Support in the first stage of labour from a female relative: the first step in improving
the quality of maternity services.
Reham khresheh, PhD
Midwifery (2010), 26, e21-e24
Objective to undertake a substantial descriptive study to assess whether the provision of labour support, in hospitals in Jordan, by a female relative during the first stage of labour affected duration of labour, use of pharmacological pain relief, mode of delivery and the woman's postpartum perception of the birth experience.
Design a non-randomised comparison study.
Setting maternity ward in Al-Karak Hospital, the main governmental hospital in the south region of Jordan.
Participants a convenience sample of 226 nulliparous women who had a single term fetus, were expecting an uncomplicated vaginal birth and were in spontaneous labour at the time of admission.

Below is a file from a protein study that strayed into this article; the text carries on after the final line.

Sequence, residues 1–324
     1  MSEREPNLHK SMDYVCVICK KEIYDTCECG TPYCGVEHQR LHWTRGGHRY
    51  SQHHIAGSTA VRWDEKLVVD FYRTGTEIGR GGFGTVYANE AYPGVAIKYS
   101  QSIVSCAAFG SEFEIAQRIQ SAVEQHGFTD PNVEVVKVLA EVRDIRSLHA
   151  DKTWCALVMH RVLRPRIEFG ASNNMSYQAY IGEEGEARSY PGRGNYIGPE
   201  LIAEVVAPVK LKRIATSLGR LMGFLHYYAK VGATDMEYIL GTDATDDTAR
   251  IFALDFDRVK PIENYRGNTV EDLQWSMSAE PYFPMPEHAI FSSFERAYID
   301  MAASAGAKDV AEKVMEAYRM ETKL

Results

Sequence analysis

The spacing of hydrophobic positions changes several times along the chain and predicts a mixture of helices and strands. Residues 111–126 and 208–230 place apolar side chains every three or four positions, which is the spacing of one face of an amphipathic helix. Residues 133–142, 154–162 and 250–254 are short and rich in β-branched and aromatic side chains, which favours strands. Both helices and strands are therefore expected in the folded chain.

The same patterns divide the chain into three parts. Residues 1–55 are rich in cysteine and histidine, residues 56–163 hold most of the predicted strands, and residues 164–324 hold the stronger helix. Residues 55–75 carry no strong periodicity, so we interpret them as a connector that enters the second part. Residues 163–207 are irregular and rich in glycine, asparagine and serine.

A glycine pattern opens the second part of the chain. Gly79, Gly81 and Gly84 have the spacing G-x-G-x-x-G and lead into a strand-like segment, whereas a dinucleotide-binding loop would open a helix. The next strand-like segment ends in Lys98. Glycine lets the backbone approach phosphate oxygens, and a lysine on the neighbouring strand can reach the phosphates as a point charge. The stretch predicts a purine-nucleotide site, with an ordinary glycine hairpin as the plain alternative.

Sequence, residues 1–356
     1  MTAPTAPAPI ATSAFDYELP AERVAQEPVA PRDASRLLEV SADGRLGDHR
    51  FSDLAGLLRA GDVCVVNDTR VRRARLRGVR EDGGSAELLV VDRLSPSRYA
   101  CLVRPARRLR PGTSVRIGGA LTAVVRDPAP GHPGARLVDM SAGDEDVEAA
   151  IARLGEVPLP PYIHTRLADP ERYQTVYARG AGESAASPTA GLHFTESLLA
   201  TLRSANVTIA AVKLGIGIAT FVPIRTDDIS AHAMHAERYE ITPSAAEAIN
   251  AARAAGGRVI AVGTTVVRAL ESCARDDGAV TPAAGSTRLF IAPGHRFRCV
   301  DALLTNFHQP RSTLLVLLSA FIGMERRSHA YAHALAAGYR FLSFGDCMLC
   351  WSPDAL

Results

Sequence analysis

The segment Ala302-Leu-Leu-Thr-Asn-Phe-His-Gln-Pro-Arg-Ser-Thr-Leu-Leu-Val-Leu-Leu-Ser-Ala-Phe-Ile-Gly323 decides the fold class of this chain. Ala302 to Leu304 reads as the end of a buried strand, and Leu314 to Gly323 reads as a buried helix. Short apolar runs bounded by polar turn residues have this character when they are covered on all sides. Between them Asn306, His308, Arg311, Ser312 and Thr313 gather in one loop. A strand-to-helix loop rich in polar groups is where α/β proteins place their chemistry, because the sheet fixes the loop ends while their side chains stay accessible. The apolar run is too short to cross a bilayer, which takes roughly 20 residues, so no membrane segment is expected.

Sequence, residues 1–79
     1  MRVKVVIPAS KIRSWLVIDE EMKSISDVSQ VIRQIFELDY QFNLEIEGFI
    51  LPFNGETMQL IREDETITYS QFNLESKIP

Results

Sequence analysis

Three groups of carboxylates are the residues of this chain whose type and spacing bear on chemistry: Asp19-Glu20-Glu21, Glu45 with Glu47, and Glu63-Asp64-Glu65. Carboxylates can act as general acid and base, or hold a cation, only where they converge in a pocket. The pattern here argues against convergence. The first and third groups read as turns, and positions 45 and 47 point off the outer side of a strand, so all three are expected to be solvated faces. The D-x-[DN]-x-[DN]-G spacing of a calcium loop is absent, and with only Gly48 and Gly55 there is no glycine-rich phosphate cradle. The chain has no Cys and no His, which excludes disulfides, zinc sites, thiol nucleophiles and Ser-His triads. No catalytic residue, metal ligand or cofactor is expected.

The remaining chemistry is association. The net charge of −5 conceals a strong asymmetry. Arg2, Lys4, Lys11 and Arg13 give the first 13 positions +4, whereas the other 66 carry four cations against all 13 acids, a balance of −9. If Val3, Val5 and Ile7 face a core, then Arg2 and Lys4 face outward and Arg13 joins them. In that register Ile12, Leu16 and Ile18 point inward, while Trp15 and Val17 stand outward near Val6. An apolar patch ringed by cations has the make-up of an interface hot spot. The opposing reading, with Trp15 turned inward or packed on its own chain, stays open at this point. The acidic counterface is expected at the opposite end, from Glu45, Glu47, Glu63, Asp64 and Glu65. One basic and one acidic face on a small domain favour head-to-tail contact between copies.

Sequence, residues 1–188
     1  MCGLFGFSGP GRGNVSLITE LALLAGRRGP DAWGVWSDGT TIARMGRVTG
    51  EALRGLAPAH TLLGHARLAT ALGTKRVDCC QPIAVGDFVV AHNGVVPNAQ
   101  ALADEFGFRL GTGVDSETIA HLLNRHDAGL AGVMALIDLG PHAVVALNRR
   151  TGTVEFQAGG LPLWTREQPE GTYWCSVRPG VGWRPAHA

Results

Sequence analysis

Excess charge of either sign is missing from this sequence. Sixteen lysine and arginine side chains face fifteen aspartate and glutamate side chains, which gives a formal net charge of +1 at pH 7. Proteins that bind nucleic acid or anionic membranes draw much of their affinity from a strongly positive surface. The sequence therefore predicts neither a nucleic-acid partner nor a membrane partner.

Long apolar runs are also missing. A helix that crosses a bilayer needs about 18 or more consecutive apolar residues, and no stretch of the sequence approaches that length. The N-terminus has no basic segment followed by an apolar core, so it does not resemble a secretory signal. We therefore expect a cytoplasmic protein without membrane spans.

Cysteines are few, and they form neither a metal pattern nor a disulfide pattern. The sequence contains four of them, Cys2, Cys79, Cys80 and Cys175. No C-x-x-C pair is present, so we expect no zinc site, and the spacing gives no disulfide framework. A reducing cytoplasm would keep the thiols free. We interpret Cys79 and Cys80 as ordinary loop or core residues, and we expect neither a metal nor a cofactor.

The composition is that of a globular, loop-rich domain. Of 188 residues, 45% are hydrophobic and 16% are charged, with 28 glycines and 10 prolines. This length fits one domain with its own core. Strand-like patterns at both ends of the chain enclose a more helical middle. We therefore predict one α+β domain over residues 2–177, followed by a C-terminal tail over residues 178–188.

Intervention supportive companionship from a female relative with no medical or nursing experience, concentrating on comfort, reassurance and praise.
Results women who had support during labour were significantly less likely than those in the control group to have pharmacological pain relief, and were significantly more likely than those in the control group to report a good birth experience. There were no statistically significant differences between groups in mode of delivery or duration of labour.
Conclusion labour support by a female relative is a cost-effective and beneficial practice to apply to intrapartum care in hospitals in developing countries with limited resources, such as Jordan. Labour support is not routine practice and is not permitted in Jordan, as in many other countries. Consideration should be given to change maternity systems to ensure that all women have access to such support.